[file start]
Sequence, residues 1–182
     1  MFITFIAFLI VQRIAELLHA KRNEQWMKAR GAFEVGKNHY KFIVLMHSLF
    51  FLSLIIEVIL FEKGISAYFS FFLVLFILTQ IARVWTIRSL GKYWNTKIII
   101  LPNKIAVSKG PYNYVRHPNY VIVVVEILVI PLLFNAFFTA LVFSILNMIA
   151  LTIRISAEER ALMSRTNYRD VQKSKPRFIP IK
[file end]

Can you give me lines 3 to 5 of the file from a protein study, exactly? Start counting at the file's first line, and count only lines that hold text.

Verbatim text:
    51  FLSLIIEVIL FEKGISAYFS FFLVLFILTQ IARVWTIRSL GKYWNTKIII
   101  LPNKIAVSKG PYNYVRHPNY VIVVVEILVI PLLFNAFFTA LVFSILNMIA
   151  LTIRISAEER ALMSRTNYRD VQKSKPRFIP IK